Tuesday, July 25, 2006
Written by Hombre Divertido
Well worth the ninety-one minute stay.
Robert Zemeckis and Steven Speilberg (co-producers with Jason Clark, Jack Rapke, and Steve Starkey) have brought us a fun summer movie for the whole family. Well, maybe not the whole family, as the imagery may be a bit much for children under seven or eight, but great fun for the rest of us.
In this story, no adults believe three youths' assertion that a neighboring residence is a living creature that means them harm. With Halloween approaching, the trio must find a way to destroy the structure before innocent trick-or-treaters meet ghastly ends.
This film takes risks, and though they don’t always pay off, the audience can’t help but appreciate the effort.
Potential Spoiler Warning: The following paragraphs may contain plot points.
The story is risky as it avoids the typical rational explanation ending, and instead explains that the house is actually haunted. This works as the details are provided in a manner that even the youngest viewer can understand and enjoy.
Where the risks did not completely pay off were in the animation where processes continue to evolve. This film (viewed in 3D) was visually exciting, but makes a drastic transition midway through the film. During the first half of the film, you can’t help but feel like this could have easily been a live action film, as it certainly feels like it. Once our Monster House comes to life, you appreciate that it is indeed animated, to a point. The more alive our house becomes, the busier the film gets. As we reach the climax of the film, the house becomes mobile, and the story becomes secondary to the effects, which is too bad.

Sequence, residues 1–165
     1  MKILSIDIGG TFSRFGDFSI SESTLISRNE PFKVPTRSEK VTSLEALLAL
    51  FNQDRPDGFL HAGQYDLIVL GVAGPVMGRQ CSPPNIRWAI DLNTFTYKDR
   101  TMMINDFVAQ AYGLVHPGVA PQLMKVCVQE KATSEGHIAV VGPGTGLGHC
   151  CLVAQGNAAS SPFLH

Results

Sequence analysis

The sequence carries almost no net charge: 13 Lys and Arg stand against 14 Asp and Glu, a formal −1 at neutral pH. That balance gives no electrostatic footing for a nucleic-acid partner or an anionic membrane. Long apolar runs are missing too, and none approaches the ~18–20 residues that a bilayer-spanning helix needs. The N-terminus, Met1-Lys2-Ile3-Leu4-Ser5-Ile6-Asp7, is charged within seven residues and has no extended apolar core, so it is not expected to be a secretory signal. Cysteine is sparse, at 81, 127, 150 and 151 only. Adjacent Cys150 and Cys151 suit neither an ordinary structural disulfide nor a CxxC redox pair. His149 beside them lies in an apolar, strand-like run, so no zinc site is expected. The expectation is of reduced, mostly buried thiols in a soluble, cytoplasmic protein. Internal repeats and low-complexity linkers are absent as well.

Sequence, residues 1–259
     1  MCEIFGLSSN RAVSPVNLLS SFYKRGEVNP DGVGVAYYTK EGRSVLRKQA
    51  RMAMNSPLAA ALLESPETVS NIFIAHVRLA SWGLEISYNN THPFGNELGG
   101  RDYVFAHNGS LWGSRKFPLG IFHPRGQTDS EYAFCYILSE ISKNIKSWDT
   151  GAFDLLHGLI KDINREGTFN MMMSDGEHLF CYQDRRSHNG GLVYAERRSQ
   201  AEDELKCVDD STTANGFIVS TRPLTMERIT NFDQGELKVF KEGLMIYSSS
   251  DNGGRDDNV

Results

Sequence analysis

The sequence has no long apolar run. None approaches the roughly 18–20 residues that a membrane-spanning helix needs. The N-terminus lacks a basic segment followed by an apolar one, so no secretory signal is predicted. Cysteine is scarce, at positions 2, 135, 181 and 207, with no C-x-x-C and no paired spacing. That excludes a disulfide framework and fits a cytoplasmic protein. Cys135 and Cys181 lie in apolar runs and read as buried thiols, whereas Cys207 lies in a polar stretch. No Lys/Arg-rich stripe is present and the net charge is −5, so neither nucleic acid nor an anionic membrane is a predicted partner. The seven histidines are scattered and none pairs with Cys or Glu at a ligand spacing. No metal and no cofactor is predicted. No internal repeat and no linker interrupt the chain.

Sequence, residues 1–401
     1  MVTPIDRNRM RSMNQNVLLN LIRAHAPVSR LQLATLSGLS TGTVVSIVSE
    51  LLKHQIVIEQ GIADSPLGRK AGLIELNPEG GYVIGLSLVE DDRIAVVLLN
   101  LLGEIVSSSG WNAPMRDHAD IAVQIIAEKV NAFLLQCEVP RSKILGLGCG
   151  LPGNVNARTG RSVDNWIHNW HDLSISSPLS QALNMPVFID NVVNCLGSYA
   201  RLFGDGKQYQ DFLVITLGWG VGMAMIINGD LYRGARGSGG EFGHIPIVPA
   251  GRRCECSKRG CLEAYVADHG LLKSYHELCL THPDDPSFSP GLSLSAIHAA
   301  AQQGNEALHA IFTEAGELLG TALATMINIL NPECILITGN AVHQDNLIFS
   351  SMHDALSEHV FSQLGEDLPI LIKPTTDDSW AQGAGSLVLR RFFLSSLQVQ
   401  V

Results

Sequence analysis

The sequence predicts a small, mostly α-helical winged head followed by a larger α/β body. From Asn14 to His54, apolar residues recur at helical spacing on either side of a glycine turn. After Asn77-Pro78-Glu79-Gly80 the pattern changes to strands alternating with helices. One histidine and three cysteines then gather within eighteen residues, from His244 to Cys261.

The three-dimensional aspects added to the visual appeal of the film, though it lacked the usual effect of things coming out at the audience.
The vocal performances in this film are spot on. Mitchel Musso (DJ), Sam Lerner (Chowder), Spencer Locke (Jenny) play the children to perfection, but it is Steve Buscemi as the crotchety neighbor Mr. Nebbercracker who steals this film. The supporting cast is outstanding as well with Jason Lee as the babysitter’s (Maggie Gyllenhaal) boyfriend Bones (he’s in a band), and an all-too-brief vocal appearance by Jon Heder (Napoleon Dynamite) that left us wanting more.
Judging from the numerous previews prior to the showing of Monster House, there are numerous 3-D animated films headed our way in coming months. Hopefully, producers will remember that the story is as important as the animation. Successful ventures of the past have included both great animation, and storylines that contain plots that kids can follow and humor that adults can appreciate.
Recommendation: From the basement to the attic, Monster House works on many levels. Catch it in 3-D if you can, but catch it either way.